Sure, the sample sizes were small. But the offensive numbers for the Washington Nationals entering Sunday’s doubleheader against the Milwaukee Brewers at Nationals Park were, well, offensive.
Embarked on “phase two” of their rebuilding project, the Nationals ranked last in baseball in batting average (.209) and slugging percentage (.306). They also occupied the bottom third in runs and on-base percentage.
All the while, the starting rotation assembled a string of unexpected starts, pitching into the fifth inning or deeper in all 15 games. But the offense caught up with the pitching Sunday, combining for 13 runs and 22 hits, including five home runs, in the two games.
“We finally did it,” said Adam LaRoche, who contributed three hits and a home run. “It’s been a rough start for the offense. I can’t put a finger on it. … Hopefully this is the start of something good.”
A key was Danny Espinosa’s move to the leadoff spot Friday. Before that, Ian Desmond was 9-for-50 with a .212 on-base percentage from the top spot.
On Sunday, Espinosa popped a three-run home run into the Nationals’ bullpen in the first game. He followed up with a three-run triple past the diving Ryan Braun in left field in the second contest.
Solid contact was what Espinosa aimed for, instead of trying to do something special. Hitting leadoff hasn’t changed his approach; Espinosa still wants to see several pitches each at-bat.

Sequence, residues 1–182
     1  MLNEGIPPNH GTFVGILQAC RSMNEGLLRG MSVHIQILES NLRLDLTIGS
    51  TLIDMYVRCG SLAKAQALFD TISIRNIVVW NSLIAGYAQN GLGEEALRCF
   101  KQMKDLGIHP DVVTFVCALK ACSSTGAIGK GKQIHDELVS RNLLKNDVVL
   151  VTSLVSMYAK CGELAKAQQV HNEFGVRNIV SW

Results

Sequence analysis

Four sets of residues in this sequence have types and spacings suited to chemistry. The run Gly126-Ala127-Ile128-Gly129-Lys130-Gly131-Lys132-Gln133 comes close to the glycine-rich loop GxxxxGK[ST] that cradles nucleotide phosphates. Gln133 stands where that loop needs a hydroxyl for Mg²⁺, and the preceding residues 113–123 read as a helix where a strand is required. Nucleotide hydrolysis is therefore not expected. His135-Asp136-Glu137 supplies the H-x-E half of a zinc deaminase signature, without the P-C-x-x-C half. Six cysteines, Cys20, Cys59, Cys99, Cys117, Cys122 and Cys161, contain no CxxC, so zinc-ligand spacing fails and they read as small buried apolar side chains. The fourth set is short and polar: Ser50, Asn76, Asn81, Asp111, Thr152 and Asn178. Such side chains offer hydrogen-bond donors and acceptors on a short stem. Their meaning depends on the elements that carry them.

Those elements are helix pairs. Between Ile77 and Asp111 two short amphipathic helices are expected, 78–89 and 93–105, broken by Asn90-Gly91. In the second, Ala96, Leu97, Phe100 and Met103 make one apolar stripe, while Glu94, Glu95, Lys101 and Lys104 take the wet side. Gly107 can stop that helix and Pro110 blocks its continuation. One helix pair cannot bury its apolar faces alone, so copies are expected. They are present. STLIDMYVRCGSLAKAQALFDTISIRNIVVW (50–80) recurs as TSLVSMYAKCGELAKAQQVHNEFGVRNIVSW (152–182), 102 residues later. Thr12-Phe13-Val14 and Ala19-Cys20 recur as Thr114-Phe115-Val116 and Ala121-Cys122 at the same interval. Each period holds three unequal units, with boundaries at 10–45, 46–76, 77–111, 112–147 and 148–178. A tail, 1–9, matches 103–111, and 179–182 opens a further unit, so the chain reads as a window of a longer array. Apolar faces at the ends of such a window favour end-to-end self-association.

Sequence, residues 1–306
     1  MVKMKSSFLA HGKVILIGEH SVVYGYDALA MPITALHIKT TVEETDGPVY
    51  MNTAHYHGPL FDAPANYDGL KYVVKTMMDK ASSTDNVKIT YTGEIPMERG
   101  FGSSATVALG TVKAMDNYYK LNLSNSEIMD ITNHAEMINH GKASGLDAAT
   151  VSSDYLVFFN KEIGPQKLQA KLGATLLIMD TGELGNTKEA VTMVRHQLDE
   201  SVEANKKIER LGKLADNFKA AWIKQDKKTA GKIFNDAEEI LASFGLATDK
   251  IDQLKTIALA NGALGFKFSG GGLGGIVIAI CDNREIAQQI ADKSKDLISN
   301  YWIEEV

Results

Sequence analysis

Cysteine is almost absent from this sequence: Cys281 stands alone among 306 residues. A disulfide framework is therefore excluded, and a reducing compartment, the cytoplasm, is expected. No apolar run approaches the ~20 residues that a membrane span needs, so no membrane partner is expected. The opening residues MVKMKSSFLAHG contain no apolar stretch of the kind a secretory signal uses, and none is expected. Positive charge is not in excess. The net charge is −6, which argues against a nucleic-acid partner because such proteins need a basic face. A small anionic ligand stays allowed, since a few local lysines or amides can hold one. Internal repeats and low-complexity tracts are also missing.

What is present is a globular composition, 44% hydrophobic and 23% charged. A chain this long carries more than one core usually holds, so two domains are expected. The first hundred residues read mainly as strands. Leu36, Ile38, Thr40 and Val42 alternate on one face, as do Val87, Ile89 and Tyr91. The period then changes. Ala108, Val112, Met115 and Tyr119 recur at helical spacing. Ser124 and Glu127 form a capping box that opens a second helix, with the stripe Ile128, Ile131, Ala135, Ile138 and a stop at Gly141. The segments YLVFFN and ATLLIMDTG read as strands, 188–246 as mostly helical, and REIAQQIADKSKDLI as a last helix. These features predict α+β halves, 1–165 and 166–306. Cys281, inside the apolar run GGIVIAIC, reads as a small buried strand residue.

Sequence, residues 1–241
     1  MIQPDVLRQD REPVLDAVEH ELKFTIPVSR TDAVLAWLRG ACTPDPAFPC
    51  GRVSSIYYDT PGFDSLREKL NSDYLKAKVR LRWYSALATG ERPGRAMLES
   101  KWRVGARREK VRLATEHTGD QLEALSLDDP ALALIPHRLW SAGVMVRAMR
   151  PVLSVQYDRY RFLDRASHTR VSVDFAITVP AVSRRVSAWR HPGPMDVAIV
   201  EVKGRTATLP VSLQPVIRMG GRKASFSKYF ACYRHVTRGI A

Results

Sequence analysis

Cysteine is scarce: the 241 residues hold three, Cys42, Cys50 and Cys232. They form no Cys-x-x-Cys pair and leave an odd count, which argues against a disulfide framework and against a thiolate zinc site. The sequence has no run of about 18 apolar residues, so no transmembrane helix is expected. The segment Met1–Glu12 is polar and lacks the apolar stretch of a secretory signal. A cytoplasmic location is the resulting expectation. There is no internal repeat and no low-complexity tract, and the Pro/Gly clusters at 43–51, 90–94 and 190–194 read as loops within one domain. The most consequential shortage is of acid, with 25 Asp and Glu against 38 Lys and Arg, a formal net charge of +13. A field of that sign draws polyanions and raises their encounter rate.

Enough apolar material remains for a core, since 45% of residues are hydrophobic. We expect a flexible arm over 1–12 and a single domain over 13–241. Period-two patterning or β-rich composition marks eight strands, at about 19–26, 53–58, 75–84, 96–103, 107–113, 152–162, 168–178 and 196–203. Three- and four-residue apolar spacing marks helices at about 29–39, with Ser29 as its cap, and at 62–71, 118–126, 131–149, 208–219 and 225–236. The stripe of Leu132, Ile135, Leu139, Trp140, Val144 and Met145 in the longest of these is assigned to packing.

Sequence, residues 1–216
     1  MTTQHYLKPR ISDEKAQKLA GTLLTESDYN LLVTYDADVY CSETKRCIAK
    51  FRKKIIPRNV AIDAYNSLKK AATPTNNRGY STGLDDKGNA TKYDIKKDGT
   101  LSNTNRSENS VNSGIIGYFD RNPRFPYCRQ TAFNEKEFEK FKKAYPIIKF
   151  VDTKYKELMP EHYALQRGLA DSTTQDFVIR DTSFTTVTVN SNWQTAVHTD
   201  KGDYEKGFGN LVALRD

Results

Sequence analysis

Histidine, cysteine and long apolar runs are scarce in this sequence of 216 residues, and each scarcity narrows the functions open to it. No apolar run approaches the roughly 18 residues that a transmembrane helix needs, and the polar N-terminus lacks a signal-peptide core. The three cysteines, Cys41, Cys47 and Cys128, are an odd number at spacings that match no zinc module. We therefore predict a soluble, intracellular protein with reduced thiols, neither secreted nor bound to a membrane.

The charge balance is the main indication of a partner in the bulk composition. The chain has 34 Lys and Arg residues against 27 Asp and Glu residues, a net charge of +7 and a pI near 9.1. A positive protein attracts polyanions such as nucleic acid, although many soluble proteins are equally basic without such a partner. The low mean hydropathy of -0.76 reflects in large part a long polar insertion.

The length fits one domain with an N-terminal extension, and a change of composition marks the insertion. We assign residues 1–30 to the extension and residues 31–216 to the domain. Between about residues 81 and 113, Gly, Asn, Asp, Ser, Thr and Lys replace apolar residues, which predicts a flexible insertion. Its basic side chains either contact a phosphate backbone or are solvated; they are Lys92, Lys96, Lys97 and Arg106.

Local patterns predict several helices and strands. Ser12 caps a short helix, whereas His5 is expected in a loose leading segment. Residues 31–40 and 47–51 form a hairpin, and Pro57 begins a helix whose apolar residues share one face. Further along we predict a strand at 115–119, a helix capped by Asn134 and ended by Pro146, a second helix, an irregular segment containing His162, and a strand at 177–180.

“It’s not just a matter of comfort, but it’s a question of whether that’s going to be the best place for him, is he the best player for us to have there,” Nationals manager Jim Riggleman said. “At this point he certainly is.”
Dropping down in the lineup benefited Desmond. Hitting in the No. 6 and 7 holes Sunday, the shortstop had four hits and scored three runs.
Utilityman Jerry Hairston Jr. provided another offensive jolt. He snapped a 1-for-23 start to the season by going 3-for-3 in the second game and finished a triple short of the cycle.
“Once we get it going,” Riggleman said, “we’re going to be pretty good.”
Added Hairston: “We try to tell the young guys not to panic. Six, seven, eight, 15 games is nothing over the course of the long season.